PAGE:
Foodprint: Saving the planet from your kitchen table
Choices about what you eat can make as big a difference for the environment as how you get around. Before reaching for your favorite comfort food this Thanksgiving, join the David Suzuki Foundation for our 11-day challenge, Foodprint: Saving the planet from your kitchen table. Starting Oct. 5th, you could win an awesome prize just by sharing your story on Facebook. Plus you'll get helpful eco-advice from me, the Queen of Green.
Answer the daily Facebook question by adding your comment. Don't have a comment to share? Check out the others and vote for your favourite. We're giving out fabulous prizes for the comment with the most "Likes".
The planet doesn't need another fad diet. But how much do you know about where your food comes and the type of impact it's having on the planet? What are you doing to eat more sustainably?
Pollinators like bees bring us 75 per cent of the food we eat — including apples, chocolate, coffee and almonds. Without pollinators, we'd be stuck eating only wind-pollinated crops like wheat and corn.
We've all heard about the mysterious global disappearance of honeybees. Other bee species are also declining, mainly because of habitat loss. Pesticides and human development are a big problem for bees — even small amounts of pesticides affect bee longevity, memory, navigation and foraging abilities.
You can start to make a difference from your kitchen table:
- Plan your spring bee-friendly garden now
- Add organic foods to your next grocery list (then stay tuned for Day 3)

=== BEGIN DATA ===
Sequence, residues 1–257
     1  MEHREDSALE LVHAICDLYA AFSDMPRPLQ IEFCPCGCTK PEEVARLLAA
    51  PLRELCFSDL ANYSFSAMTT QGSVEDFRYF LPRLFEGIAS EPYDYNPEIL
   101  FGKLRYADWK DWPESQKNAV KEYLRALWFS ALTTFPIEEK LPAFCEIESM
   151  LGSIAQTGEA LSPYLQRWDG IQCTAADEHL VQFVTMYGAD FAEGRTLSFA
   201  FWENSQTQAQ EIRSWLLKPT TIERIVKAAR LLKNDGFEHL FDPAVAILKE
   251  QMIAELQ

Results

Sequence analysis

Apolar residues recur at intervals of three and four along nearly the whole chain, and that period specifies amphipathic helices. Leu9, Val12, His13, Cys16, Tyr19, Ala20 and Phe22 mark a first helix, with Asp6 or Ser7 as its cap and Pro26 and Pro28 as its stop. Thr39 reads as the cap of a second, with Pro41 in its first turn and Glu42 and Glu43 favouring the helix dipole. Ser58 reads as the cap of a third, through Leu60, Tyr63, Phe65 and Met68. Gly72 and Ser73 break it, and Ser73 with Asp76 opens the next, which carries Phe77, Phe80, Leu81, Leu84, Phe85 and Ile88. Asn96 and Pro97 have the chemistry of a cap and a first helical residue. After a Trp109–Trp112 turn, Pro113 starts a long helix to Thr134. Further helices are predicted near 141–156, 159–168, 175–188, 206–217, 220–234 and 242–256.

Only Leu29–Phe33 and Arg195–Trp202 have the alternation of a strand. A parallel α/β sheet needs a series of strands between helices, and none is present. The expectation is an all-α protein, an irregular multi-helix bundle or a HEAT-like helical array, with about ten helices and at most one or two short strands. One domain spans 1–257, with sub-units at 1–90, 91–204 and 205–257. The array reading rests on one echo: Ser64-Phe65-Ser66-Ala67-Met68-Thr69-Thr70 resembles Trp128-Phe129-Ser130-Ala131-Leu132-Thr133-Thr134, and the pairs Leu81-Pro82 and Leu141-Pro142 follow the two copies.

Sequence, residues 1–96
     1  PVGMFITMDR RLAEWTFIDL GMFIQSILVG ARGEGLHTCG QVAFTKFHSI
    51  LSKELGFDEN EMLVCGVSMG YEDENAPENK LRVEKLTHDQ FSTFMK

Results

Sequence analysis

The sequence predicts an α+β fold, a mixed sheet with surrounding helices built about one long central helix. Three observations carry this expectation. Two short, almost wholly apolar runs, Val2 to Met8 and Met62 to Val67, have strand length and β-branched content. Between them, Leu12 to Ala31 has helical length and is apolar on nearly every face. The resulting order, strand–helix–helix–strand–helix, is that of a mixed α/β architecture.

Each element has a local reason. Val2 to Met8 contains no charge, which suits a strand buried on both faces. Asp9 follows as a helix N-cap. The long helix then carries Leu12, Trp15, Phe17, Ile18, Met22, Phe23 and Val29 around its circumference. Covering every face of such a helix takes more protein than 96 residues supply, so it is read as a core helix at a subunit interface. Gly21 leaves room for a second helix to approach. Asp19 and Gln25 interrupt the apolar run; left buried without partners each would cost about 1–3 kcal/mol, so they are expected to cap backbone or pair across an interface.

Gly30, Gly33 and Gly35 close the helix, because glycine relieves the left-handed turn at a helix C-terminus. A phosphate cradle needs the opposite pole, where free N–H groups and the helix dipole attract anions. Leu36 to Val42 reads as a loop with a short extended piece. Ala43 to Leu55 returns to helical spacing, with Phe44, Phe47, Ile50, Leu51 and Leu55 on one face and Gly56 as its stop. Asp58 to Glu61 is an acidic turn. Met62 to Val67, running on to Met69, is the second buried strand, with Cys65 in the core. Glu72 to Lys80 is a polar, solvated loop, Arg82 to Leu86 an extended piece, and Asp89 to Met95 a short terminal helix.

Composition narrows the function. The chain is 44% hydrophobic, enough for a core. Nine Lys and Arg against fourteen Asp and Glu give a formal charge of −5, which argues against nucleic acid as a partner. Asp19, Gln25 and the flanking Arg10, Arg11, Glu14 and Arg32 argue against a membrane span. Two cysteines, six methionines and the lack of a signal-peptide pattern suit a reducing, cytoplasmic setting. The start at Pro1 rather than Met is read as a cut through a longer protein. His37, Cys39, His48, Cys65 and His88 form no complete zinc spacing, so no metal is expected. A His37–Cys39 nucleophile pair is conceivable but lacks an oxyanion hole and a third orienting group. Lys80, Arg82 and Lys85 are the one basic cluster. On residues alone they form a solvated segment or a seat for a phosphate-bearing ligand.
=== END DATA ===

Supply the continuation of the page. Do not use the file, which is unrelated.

- Go pesticide-free in your yard and garden
- Find out where to dispose of old pesticides safely by checking out Earth 911
Speaking of bees, I bought 20 for $20 this spring from a local coffee roaster in my neighborhood. These weren't European honeybees; these were a native species of mason bee. Most of us already have them nesting or visiting our yard, but I bought some just to make sure.
I wanted to see for myself how I could have a positive influence on these solitary bees by giving them a roof over their heads, a bee bath to drink from and plants for food. What a pleasant surprise when they laid eggs in their house this spring — could hardly believe it — and now I wait to see the offspring emerge next March!
Intrigued? Consider purchasing a mason bee house of your own to put up next spring, or check out my instructions and my DIY video explaining how to build one of your own.
Bee-n there, done that? Tell us how your kitchen is already pollinator friendly and you could win a pair of tickets to Force of Nature: The David Suzuki Movie, showing at the Empire Cinema during the Vancouver International Film Fest on Oct. 6 at 8:45 p.m. Non-Vancouverites can win a copy of Candace Savage's book, Bees: Nature's little wonders.
How is your kitchen pollinator friendly?
Lindsay Coulter, Queen of Green